Rhys Jones's killer could be about to launch an appeal against his 22-year murder sentence, it was revealed today.
James Benson, solicitor for Sean Mercer, 18, said "it is very much an option" that his legal team would seek grounds for appeal.
Mercer was convicted on 15 December of gunning down the football-mad 11-year-old schoolboy in August 2007.
The shaven-headed gang member has 28 days from conviction to lodge his appeal, although this period can be extended with permission.
Today, asked if and when Mercer would seek a reduction in the minimum 22-year tariff, Mr Benson said: "It's not yet been decided, though it is very much an option.
"There is a timescale for deciding, which is 28 days after conviction, but I can't say what the timescale is for a decision being made."
It is believed Mercer's barrister, Richard Pratt QC, is trying to establish reasons why the sentence, passed by Mr Justice Irwin, might be deemed too severe.
In locking Mercer up, the judge launched a blistering criticism of him.
He told the killer and his fellow Croxteth Crew gang members: "You have no discipline, no training, no honour.
"You do not command respect.
"You may think you do, but that is because you cannot tell the difference between respect and fear.
"You are selfish, shallow criminals, remarkable only by the danger you pose to others."
Mercer, of Good Shepherd Close, Croxteth, Liverpool, shot Rhys through the neck as the youngster walked home from football training on a sunny summer evening.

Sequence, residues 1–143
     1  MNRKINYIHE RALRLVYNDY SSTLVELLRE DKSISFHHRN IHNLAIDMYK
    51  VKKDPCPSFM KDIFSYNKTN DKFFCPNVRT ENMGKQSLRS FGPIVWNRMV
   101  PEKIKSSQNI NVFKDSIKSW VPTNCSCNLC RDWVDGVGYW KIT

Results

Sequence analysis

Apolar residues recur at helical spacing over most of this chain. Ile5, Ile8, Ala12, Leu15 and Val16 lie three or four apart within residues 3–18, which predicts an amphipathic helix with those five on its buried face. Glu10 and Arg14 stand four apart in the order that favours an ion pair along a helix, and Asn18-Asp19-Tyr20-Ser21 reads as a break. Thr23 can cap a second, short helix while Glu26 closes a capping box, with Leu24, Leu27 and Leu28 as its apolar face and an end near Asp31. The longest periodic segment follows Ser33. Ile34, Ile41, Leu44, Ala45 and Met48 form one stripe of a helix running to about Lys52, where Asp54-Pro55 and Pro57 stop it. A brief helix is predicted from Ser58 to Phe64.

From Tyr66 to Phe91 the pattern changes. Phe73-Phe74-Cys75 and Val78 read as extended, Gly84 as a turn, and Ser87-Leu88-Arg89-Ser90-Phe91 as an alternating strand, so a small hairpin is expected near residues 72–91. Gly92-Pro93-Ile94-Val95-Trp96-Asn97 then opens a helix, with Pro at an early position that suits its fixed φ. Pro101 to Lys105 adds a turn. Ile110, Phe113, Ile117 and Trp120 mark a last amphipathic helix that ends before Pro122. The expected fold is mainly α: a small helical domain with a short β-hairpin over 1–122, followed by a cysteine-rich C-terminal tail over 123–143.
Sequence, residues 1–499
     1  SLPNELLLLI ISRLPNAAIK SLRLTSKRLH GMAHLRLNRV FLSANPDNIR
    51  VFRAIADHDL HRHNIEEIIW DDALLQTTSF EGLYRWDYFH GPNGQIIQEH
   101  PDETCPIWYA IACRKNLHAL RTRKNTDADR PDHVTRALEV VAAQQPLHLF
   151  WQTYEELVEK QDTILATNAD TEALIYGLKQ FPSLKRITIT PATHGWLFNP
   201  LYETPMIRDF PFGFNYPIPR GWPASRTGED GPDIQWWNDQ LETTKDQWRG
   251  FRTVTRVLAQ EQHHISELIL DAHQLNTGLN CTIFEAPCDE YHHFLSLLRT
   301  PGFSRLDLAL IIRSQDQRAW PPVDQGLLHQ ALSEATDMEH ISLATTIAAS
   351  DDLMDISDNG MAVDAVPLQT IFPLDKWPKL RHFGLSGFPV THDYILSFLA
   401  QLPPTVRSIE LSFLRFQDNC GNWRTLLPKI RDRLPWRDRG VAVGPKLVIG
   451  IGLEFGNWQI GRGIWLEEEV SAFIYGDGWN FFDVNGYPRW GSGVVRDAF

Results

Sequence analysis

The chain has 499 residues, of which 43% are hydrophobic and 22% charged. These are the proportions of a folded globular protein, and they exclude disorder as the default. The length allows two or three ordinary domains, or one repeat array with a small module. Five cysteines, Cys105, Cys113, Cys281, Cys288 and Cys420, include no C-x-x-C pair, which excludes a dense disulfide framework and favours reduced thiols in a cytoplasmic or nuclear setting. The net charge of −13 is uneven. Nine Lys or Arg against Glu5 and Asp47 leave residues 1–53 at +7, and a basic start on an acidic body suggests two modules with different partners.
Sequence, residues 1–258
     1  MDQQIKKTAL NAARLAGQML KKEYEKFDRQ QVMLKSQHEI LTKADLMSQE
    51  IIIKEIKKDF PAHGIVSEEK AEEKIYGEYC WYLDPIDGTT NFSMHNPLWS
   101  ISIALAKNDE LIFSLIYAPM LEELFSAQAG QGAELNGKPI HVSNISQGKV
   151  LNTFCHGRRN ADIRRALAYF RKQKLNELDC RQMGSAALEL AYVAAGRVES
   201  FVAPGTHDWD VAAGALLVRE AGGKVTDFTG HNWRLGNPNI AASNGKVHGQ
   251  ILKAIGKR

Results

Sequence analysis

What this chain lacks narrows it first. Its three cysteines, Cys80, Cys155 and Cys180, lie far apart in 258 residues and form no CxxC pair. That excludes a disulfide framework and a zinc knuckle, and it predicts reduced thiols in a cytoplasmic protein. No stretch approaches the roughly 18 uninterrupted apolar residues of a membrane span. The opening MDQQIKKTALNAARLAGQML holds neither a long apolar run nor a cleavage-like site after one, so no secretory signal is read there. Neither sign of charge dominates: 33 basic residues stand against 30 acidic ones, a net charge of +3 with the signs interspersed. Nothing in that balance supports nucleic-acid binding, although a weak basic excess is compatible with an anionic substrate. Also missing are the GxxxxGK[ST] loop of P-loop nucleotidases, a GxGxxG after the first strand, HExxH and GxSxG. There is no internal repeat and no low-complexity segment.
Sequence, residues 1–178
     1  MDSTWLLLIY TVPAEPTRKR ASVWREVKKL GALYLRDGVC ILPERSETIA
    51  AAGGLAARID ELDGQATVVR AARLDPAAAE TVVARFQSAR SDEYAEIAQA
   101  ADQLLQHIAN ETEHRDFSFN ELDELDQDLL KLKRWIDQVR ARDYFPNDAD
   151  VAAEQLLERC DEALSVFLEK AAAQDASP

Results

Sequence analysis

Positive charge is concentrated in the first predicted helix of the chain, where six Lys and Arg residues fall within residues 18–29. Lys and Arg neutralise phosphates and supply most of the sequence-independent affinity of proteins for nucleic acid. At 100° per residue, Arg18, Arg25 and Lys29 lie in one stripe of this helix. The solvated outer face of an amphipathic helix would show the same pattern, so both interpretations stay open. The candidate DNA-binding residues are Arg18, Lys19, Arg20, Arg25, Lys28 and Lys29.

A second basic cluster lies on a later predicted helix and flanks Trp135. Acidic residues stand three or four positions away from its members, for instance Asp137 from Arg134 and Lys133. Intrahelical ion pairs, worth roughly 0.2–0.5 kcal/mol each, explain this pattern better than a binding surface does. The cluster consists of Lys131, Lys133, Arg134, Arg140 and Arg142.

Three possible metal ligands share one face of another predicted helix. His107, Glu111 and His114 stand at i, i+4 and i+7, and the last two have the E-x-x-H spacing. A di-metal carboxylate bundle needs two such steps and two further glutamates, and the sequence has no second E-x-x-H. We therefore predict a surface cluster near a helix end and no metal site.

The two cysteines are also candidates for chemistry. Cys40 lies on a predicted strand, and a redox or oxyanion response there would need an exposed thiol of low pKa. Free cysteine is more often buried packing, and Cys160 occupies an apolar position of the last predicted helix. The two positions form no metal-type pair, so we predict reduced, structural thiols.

The murderer, just 16 at the time, was shooting at members of the rival Norris Green gang who hail from just a mile down the road.
He fired three bullets.
The first hit a steel container behind Rhys and the second entered the youngster's back and exited through his neck.
Remarkably, after seeing Rhys fall to the floor, Mercer blasted another shot at his enemies, who were on the opposite side of the Fir Tree pub car park.
After Rhys bled to death in his mother Melanie's arms, Mercer and six co-accused orchestrated a plan to cheat justice.
It saw his clothes being destroyed, the murder weapon hidden and a series of chilling bids to make witnesses change their stories.
After an exhausting 11-week trial, Rhys's father Stephen, 45, paid tribute to the people of Liverpool for their support and said: "Finally, justice has been done for Rhys."
Four co-accused who were convicted of assisting an offender will be sentenced at Liverpool Crown Court on January 29.Reuse content